Abstract

Evolving Epidemiology of IBD

Windsor JW1,2, Kaplan GG3,4. Curr Gastroenterol Rep. 2019 Jul 23;21(8):40. doi: 10.1007/s11894-019-0705-6.

 
     

Author information

Department of Community Health Sciences, Cumming School of Medicine, University of Calgary, Teaching Research and Wellness Building 3D03-18, 3280 Hospital Drive NW, Calgary, Alberta, T2N 4Z6, Canada.

Department of Medicine, Cumming School of Medicine, University of Calgary, Teaching Research and Wellness Building 3D03-18, 3280 Hospital Drive NW, Calgary, Alberta, T2N 4Z6, Canada.

Department of Community Health Sciences, Cumming School of Medicine, University of Calgary, Teaching Research and Wellness Building 3D03-18, 3280 Hospital Drive NW, Calgary, Alberta, T2N 4Z6, Canada. ggkaplan@ucalgary.ca.

Department of Medicine, Cumming School of Medicine, University of Calgary, Teaching Research and Wellness Building 3D03-18, 3280 Hospital Drive NW, Calgary, Alberta, T2N 4Z6, Canada. ggkaplan@ucalgary.ca.

Abstract

PURPOSE OF REVIEW: Once thought a disease of Western civilizations, the inflammatory bowel diseases (IBD) impose a global burden, now penetrating populations in Asia, Africa, and South America. We summarize similarities and differences in the epidemiology of IBD globally, highlighting gaps in knowledge where future study is needed.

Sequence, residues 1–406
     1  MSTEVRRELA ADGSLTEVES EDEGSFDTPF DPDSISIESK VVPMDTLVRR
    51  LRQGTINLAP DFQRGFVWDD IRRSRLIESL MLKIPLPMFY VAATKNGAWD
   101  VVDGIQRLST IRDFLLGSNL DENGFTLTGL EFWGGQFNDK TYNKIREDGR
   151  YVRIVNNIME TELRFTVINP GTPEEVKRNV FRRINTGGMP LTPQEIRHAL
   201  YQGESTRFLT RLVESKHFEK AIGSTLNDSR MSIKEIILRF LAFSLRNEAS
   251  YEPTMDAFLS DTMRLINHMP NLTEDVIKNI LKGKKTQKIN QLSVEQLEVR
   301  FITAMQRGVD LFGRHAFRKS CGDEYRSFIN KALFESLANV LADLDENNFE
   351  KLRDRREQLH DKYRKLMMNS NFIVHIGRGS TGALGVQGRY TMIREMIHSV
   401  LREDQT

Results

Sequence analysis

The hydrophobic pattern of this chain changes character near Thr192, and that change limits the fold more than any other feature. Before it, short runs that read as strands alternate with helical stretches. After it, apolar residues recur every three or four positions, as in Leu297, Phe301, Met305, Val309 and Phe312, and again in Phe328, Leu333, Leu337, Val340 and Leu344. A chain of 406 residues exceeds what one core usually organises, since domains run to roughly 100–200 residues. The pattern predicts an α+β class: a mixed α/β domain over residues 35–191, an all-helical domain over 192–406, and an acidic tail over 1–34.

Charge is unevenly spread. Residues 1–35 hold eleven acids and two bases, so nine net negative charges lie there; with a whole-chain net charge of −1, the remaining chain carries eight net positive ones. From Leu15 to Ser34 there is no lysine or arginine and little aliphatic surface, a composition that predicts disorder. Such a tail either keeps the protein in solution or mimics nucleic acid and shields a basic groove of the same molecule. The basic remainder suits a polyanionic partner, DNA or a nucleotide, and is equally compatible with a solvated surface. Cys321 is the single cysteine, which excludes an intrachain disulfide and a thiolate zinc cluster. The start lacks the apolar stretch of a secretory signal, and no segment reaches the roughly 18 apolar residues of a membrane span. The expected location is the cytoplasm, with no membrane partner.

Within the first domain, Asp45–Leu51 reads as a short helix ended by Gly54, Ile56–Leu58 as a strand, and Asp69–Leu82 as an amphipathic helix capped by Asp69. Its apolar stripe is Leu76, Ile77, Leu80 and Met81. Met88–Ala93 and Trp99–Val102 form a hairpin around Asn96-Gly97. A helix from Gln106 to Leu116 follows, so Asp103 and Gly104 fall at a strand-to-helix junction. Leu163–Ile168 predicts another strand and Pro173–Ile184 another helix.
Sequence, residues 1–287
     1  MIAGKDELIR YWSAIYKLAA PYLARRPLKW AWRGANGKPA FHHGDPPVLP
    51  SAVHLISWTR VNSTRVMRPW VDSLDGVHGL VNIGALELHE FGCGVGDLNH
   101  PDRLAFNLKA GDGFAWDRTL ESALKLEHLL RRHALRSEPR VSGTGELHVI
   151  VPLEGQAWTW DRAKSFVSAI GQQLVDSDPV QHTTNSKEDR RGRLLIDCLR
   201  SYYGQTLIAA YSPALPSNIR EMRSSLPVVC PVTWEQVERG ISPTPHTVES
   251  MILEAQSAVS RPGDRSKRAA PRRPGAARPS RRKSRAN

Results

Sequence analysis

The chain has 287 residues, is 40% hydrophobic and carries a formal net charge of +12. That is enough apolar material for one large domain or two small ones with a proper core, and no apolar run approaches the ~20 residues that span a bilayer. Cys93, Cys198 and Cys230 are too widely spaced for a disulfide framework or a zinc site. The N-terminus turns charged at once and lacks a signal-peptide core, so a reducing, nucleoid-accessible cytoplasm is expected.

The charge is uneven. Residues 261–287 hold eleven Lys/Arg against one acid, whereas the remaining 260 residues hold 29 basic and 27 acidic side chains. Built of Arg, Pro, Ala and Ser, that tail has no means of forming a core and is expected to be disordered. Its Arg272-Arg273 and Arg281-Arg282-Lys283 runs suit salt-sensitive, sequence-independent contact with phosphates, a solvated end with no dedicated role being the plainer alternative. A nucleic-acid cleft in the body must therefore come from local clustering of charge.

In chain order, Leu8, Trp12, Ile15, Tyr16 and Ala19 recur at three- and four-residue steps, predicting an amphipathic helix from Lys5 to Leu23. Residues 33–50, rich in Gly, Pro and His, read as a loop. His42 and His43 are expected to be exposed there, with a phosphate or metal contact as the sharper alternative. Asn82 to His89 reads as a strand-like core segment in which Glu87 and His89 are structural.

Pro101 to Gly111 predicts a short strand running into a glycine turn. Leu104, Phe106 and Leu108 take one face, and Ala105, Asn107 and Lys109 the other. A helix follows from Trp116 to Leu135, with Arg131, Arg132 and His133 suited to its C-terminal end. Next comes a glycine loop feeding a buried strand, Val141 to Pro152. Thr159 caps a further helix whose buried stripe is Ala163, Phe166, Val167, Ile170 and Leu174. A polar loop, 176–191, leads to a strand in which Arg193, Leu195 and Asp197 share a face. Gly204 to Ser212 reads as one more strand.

RECENT FINDINGS: While incidence of IBD is stabilizing (or even decreasing) in many westernized regions, prevalence continues to grow due to a young age of onset and low mortality. In newly westernized regions, IBD is beginning to penetrate populations comparable to the rapid increases seen in North America, Europe, and Oceania in the last century. IBD imposes a significant fiscal and resource burden on healthcare systems. As global prevalence of these diseases continues to increase, we desperately need to anticipate the future burden to proactively prepare our healthcare systems for the challenges of increased patient load and aging populations with comorbid conditions and longer disease course.

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